Dead spots in your lawn won’t regrow in the spring, so take care of them now. Seed any dead spots, and water them sufficiently for the roots to take hold. When the temperature drops in late summer and early fall, the grass will thrive enough to be lush in the spring. The cooler temperature will also help prevent weeds and garden pests from damaging the area.

 Mow in a Low Rider

Depending on the length of the warm season, you’ll want to think about mowing lower. Specifically during the last two weeks of the warm season you’ll want to mow at a ‘low rider’ setting so that the sunlight can reach the ‘crown’ of the grass. Don’t put the mower settings too low though, as cutting off more than a third of the grass at any given time could kill it. So, if you’ve accidentally let it grow too long, cut it short across multiple mowing cycles.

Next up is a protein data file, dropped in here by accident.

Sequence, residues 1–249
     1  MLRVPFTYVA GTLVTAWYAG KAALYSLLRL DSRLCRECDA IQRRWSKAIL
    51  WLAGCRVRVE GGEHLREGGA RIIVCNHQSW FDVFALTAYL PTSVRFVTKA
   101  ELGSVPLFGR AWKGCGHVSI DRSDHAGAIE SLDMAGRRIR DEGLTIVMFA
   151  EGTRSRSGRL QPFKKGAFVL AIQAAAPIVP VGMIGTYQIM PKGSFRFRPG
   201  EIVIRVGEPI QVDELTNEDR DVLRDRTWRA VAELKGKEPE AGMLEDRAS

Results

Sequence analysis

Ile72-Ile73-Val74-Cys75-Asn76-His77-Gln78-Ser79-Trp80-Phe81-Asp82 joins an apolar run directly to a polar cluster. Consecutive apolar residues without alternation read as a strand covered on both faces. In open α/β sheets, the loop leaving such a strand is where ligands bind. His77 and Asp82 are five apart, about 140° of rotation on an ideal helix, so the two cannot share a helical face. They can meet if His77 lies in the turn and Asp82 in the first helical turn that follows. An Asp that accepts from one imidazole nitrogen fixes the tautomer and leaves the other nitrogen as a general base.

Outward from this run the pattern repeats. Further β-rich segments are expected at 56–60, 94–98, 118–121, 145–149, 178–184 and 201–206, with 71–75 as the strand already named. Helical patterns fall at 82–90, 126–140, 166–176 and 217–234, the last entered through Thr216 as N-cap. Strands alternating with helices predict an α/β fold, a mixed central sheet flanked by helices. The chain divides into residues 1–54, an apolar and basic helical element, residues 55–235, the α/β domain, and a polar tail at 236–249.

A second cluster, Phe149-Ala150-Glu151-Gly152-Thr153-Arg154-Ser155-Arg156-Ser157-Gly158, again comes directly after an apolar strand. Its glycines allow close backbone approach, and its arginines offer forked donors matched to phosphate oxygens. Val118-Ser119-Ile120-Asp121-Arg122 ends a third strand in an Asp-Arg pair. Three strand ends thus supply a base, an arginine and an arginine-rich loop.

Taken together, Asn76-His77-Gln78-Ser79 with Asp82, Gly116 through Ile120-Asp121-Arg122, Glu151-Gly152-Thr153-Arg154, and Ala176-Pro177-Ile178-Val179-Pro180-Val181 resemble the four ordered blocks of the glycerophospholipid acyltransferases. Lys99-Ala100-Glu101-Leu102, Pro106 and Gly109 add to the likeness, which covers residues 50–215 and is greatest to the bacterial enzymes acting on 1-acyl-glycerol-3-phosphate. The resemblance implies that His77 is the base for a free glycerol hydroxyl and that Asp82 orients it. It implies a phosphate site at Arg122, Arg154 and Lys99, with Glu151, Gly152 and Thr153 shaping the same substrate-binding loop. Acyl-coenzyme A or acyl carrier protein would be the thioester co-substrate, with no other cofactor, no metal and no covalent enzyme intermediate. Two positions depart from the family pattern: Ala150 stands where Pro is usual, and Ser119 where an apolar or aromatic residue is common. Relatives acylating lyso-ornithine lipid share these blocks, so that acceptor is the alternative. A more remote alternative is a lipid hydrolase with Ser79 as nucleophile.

Aerate

Aeration during the last couple weeks of summer and/or the first couple weeks of fall is ideal. Aeration will help much needed oxygen, fertilizer, and water reach the roots—which will help plants hibernate in a healthier state. If you don’t have an aerator (which most of us don’t!) you can rent one for under $100 per day, and you could split that with a neighbor or two to help defer the costs.

 Fertilize & Weed Control

Late summer is a great time to apply one final round of fertilizer and weed control. Using an herbicide now will help keep weeds from springing up in early spring.

 Design & Other Help

If you’ve grown weary of lawn and garden care and just want to enjoy your final summer moments—or you want to get a leg up on landscaping next year—give us a call here at Blue Tree Landscaping. We can help ensure that the benefits of your hard work this year carry into next year.